Saturday, April 16, 2005

Juggling Swords.

The Senate Republican Leadership is considering the so-called "nuclear option", namely changing the operating rules by which judicial nominees are confirmed (requiring a simple majority confirmation rather than a supermajority).

It's bad idea, for a lot of reasons based on good conservative principles. George Will recently detailed its dangers, and suggested alternate strategies. I've got another strategy the GOP should employ. One thing a Senator covets more than a principle is ...patronage. I wonder how many Democrat Senators would stand their ground on stopping these supposed "retrograde" judges if they had to sacrifice their state's new water projects, post offices, and the like. Take away Robert Byrd's bottomless pit of govenment-supplied asphalt for West Virginia roads...he'll be hands up in favor of these nominees by the end of the day. Let's Play Real Hardball.

2 comments:

Trotsky said...

Are you suggesting that the Dems are the only ones concerned about patronage. The republicans are just as concerned about their special interests as the Dems.

Take for example Alaskan Senator Frank Murkowski. He is know, and continues to be elected, for his ability to "bring home the bacon". Why is it that this sparsely populated state brings home a large amount of the money it sends to Washington. How about Mr. Delay and his special interests. Please don't run the patronage issue in a light that somehow suggests this is purly a Democratic ill. I think that patronage is an ill of far too much of Capitol Hill on both sides of the aisle.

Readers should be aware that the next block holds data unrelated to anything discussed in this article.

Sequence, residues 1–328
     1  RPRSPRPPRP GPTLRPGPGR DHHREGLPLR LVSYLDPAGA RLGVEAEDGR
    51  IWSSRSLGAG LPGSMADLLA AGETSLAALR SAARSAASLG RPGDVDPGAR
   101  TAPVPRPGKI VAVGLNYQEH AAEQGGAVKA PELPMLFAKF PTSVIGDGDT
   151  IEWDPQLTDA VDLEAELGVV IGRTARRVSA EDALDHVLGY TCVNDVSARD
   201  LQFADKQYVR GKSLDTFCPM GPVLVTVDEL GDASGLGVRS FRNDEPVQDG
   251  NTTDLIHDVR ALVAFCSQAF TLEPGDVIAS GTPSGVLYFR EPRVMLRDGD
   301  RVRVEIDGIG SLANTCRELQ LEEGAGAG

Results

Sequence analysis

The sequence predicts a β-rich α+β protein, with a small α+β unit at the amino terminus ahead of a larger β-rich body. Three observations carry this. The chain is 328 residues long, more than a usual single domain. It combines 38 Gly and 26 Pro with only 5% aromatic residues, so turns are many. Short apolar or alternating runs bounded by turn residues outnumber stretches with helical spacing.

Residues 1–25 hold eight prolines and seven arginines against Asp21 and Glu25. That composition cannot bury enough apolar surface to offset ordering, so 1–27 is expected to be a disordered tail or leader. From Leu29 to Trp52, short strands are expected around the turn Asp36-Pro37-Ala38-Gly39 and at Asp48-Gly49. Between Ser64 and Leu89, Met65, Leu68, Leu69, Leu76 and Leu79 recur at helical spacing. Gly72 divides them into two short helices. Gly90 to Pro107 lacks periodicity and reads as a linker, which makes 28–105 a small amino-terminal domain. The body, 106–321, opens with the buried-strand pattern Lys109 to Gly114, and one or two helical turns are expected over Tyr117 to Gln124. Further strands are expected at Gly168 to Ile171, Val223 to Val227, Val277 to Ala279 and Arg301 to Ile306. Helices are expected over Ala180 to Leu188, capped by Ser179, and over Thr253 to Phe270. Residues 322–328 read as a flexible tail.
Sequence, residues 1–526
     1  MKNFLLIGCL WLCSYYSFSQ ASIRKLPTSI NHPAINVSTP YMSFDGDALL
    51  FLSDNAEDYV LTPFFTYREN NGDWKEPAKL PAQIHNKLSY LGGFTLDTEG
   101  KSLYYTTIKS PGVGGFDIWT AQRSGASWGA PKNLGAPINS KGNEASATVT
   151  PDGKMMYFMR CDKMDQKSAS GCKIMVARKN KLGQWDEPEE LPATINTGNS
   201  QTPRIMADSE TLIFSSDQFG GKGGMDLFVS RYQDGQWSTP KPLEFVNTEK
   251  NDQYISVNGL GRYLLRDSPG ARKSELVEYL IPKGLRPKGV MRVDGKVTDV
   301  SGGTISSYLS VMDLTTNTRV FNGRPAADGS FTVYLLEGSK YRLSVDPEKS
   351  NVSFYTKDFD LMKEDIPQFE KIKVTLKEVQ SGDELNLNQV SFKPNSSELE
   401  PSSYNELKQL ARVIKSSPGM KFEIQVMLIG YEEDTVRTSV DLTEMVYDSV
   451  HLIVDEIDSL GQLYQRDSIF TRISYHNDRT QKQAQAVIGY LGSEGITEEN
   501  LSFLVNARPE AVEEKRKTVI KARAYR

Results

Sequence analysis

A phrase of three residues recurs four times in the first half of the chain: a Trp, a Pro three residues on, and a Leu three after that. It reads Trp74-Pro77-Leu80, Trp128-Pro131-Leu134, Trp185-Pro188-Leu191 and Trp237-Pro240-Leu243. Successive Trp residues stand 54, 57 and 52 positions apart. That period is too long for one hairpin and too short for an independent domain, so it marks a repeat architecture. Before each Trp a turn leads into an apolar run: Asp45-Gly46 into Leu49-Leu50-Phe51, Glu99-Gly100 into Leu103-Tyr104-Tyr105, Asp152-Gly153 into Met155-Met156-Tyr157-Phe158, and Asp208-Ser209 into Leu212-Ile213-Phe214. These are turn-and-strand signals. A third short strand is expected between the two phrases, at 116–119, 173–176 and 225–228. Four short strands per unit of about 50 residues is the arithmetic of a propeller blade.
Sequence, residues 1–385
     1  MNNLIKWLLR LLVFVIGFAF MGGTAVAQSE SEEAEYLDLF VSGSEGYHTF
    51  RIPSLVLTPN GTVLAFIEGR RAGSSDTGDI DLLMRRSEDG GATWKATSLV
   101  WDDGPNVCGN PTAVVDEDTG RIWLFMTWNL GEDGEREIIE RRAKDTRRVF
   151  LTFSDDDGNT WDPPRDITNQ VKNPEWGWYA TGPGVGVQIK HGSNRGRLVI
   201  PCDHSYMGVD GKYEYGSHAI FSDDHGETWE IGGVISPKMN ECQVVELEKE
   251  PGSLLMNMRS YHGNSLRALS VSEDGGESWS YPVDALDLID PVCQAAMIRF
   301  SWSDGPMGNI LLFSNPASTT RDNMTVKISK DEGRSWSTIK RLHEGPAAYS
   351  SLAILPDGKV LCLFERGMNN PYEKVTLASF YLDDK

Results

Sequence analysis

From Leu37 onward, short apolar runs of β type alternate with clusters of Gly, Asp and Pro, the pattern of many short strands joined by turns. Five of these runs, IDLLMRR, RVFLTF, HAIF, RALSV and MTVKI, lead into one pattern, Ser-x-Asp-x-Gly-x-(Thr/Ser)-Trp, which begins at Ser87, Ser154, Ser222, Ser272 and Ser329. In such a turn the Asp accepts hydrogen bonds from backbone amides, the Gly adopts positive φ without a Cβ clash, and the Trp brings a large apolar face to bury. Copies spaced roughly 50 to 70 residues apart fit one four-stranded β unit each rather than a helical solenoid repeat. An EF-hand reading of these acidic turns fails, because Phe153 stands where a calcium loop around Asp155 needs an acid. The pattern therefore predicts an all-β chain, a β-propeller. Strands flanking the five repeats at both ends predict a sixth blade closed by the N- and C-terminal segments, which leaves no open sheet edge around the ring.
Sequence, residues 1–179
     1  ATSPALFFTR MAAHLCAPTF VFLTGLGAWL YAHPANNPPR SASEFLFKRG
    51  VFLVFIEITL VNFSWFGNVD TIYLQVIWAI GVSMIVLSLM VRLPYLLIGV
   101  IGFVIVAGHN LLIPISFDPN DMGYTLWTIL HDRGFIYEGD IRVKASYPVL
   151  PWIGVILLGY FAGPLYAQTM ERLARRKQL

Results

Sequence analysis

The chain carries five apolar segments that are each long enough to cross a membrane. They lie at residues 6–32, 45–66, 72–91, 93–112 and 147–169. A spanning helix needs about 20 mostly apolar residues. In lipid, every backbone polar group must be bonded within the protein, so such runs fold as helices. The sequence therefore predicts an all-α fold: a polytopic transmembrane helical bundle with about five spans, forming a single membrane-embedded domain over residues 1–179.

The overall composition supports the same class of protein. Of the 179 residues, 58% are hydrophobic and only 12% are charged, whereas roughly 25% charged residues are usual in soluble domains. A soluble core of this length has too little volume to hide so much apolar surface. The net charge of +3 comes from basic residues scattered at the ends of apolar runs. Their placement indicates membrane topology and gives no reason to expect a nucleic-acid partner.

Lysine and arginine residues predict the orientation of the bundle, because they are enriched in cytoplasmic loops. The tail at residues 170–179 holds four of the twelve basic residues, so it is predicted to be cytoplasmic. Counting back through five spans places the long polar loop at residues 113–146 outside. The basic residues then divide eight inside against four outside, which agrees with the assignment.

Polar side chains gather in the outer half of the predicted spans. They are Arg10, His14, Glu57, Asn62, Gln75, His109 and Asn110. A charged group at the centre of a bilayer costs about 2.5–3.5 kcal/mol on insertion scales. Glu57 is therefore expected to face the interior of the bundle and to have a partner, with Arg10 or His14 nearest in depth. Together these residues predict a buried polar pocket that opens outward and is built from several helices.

Why is it that the republican party in congress is allowed to freely call the judiciary "revisionist" because they are "taking a stand for ethics and law" (but they are many of them pandering to their base); but if the Dems take a position they are being purly obstructionists? Could it be that the Dems feel that these Judges are reactionary? Could it be that they feel strongly about the ethics of these judges, particularly when many of these proposed judges are unwilling to release their papers for scrutiny? The senate and the people of the US have the right to know the opinions of those who will sit in these positions. Any prospective justice who is unwilling to be forthright in their confirmation process should be told to go beat a path home. If you aren't guilty, you don't have much fear of scrutiny.

It amazes me sometimes how blith the conservatives are in the belief of their righteousness. Apparently at least 59 million people didn't agree with the conservative agenda. When reviewing the numbers that is 59 to 62 million, that works out to 48% to 51%. I think Americans did tell the conservatives that many of us don't believe in their version of the world. And

RollCast said...

T-Baby,

I never said patronage was a purely Democratic affliction. It is the political crack of far too many Republicans, too. I just said to see what the value of the Dems' principles are by taking the "bacon" from the table. You may be correct - that this is a matter of principle for the the Dems. Then again...

Look, this logjam on the judges has gone on for two years. It has a very serious effect on serving justice. The Senate knows the record on these nominees, there is nothing else to be learned. Just do the people's business, please, and vote on their appointments.